Heath Believes Ervin Brings Leadership, Toughness

FAYETTEVILLE -- Arkansas coach Stan Heath made a pretty hefty comparison when he introduced his new point guard in Bud Walton Arena on Tuesday.

He said sophomore Gary Ervin has several qualities similar to former Michigan State floor general Mateen Cleaves, who led the Spartans to two Final Fours and one national championship during his four-year career.

Ervin, wearing an Arkansas basketball T-shirt and gym shorts, made his first appearance as a Razorback after transferring from Mississippi State and enrolling at Arkansas this week. The 5-foot-11, 170-pounder must sit out the 2005-06 season under NCAA rules, but Heath is confident Arkansas finally has found the Cleaves-type floor general it has been sorely lacking.

"(Cleaves) had a lot of intangible qualities," said Heath, who was an assistant on coach Tom Izzo's staff during Cleaves' career with the Spartans. "He was tough. He had great leadership qualities. He was fast and he could push the ball. He had some negative raps, too. Sometimes his stats didn't always look the way you wanted them to look. But at the end of the day, the kid was a winner.

"That was one of the things that intrigued me and excited me when I found out Gary had a lot of interest in Arkansas. Once we got him down here, we got to know him a little bit, I just thought he was a great kid. He's a kid that was going to bring a lot of leadership, bring a lot of toughness to our program."

Ervin was granted a release from his Mississippi State scholarship and will have two seasons of eligibility remaining beginning in 2006-07.

The Brooklyn, N.Y., native started 33 games and averaged 7.4 points and 4.7 assists as a sophomore. Ervin, who helped the Bulldogs reach the second round of the NCAA Tournament last season, asked for his release because he felt his up-tempo style didn't fit into Mississippi State's plans.

Ervin said he didn't transfer because of Mississippi State coach Rick Stansbury's decision to bench him during the Bulldogs' 80-72 loss against LSU on Feb. 16.

"It wasn't too much of that," Ervin said. "It was really just the style of play. It was a decision that I had to sit down and think about because there's not a lot of places you can go after this. I just wanted to play at the same level. It wasn't too much about the (LSU) game.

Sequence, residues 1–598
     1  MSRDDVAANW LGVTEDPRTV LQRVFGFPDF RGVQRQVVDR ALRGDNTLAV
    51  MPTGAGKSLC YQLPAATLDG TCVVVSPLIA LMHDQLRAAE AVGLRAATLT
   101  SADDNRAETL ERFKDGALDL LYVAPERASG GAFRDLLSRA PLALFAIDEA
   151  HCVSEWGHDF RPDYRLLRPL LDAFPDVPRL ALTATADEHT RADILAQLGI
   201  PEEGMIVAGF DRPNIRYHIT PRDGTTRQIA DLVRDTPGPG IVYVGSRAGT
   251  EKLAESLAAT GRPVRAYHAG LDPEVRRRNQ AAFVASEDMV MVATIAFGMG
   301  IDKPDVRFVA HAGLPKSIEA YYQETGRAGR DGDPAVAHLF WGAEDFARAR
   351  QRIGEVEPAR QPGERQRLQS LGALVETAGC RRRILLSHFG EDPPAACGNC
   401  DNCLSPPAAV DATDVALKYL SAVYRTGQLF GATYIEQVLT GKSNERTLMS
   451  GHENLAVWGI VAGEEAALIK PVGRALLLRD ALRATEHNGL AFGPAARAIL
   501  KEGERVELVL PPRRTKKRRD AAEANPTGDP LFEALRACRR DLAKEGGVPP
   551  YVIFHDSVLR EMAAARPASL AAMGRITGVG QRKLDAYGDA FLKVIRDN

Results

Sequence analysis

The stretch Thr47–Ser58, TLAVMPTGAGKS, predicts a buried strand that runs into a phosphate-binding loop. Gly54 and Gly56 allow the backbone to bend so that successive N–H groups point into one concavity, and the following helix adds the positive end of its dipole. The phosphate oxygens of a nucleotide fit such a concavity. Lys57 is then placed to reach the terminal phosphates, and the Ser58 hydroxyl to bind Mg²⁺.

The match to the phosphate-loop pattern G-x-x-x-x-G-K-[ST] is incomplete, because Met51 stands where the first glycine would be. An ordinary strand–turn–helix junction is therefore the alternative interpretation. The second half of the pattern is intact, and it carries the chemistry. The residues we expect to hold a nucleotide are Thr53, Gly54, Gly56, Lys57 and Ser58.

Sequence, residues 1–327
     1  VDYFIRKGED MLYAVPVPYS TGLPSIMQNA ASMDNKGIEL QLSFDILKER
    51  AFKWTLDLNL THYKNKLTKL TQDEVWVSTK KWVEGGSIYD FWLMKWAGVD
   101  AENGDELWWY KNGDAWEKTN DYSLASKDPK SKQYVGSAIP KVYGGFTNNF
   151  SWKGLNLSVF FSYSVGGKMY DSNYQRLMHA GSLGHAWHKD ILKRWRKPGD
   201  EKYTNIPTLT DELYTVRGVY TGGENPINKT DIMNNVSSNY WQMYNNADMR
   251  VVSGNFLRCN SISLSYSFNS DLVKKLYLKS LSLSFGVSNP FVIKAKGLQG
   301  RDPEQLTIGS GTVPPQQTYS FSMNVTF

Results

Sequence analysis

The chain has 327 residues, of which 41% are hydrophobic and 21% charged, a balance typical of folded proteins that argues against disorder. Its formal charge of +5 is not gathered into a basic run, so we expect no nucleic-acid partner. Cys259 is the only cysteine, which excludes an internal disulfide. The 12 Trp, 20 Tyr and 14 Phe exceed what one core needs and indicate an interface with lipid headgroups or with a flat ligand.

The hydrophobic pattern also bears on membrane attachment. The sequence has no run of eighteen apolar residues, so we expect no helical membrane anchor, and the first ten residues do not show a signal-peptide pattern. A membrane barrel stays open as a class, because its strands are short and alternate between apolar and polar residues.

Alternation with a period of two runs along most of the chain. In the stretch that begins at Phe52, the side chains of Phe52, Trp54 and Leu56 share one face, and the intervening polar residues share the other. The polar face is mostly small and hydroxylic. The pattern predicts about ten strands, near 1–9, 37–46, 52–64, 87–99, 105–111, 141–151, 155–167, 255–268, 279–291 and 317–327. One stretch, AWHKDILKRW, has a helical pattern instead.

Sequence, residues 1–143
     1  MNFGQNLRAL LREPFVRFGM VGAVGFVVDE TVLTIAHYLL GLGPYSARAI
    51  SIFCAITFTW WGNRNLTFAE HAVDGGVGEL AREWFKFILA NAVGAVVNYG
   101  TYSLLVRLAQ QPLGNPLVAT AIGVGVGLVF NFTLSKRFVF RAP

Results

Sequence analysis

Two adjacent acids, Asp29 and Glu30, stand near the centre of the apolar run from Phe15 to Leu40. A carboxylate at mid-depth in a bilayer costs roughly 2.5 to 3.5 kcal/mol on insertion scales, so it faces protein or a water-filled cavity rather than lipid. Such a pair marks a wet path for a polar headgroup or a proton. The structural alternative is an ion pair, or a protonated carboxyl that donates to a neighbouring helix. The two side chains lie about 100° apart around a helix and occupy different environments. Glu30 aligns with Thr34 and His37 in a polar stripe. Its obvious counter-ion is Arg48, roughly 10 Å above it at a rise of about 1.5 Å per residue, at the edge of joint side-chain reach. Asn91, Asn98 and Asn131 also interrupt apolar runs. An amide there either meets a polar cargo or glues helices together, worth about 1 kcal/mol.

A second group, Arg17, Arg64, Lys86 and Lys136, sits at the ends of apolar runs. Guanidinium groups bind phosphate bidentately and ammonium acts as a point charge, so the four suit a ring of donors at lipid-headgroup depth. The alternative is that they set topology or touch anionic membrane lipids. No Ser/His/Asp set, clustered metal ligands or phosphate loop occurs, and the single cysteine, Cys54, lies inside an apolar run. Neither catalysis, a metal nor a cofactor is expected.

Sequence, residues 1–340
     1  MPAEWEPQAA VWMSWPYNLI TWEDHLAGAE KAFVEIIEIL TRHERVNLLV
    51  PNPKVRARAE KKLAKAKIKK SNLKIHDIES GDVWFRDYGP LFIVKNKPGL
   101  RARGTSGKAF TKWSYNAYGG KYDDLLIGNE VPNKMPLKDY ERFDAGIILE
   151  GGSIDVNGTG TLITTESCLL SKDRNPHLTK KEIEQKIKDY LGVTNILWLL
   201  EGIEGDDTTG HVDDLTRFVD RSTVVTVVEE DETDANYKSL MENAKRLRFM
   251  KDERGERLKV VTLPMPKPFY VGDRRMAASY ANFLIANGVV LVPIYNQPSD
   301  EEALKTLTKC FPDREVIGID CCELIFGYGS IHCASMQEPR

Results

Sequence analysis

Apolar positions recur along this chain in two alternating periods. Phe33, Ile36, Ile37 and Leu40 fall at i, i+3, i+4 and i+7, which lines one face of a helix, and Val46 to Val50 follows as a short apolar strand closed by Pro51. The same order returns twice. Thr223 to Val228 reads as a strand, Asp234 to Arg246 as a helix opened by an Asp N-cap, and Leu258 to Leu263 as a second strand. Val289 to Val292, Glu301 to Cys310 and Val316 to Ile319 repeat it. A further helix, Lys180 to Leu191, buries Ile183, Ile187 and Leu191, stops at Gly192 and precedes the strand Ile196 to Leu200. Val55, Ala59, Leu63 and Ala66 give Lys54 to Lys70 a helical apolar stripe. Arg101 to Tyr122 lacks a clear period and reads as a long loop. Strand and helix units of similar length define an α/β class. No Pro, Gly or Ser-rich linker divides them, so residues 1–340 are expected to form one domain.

"I just sat down and had a talk with my family and thought it would be best to go elsewhere."

To Heath's surprise, Ervin contacted the Arkansas staff and told them he was interested in the Razorbacks. He visited Arkansas on April 30 and had four other trips scheduled to Texas-El Paso, Seton Hall, Rutgers and Marquette.

But Ervin knew Arkansas was the best fit during his on-campus visit.

"I just felt that I was going to go with my heart," Ervin said. "I took one visit. I was planning on taking a couple others, but by the time I left (Arkansas), I kind of had in the back of my mind, I knew that this was the place that I wanted to go.

"I just never told anybody. But I new that I was going to end up here."

Ervin is regarded as a speedy point guard and solid penetrator. His success at Mississippi State was predicated on his ability to drive to the basket to set up post players like Lawrence Roberts or draw contact and get to the free-throw line.

Ervin was third in the Southeastern Conference in assists last season and seventh in assist-to-turnover ratio (1.58 to 1). He also finished second on the team, behind Roberts, in free throw attempts (95).

"This guy from Point A to Point B is as fast as anybody you'll find in college basketball," Heath said. "What does that mean? Coaches always search for easy baskets. He gives you easy baskets."

Those talents will be vital to the Razorbacks, who haven't had a true point guard during Heath's tenure. Senior Eric Ferguson has handled ball-handling duties most of his career, but Heath would like to move him to shooting guard.

Ervin won't be able to help a 2005-06 backcourt that includes Ferguson, senior Dontell Jefferson, junior Ronnie Brewer and incoming freshman Sean McCurdy. But with Ferguson and Jefferson graduating and Brewer expected to consider NBA options after the season, Arkansas could be short on experience in 2006-07.

That's why Heath believes Ervin's addition is valuable.

"He's got a presence about himself," Heath said. "He's got a cockiness, a toughness that, when it gets crunch time, he's going to step to the plate.

"Unfortunately, we got to see that in our games against him. So it's going to be good to have him on board instead of playing against him."

Ervin was 4-0 against the Razorbacks in his two seasons at Mississippi State.

He struck a blow to Arkansas' hopes last February when his 3-pointer gave Mississippi State a 56-52 lead with 1:09 left in its 57-55 win in Fayetteville. It was the start of a three-game slide that wiped out Arkansas' NCAA Tournament hopes and led to its decision to decline a bid in the National Invitation Tournament.

Now he's planning to help lead the Hogs to the NCAA Tournament in 2006-07.

"It's going to be very exciting," Ervin said about facing his former Bulldogs' teammates twice in 2006-07. "I love Mississippi State. I love everything about it. I'm just sorry it didn't work out. Now, I'm a Razorback."

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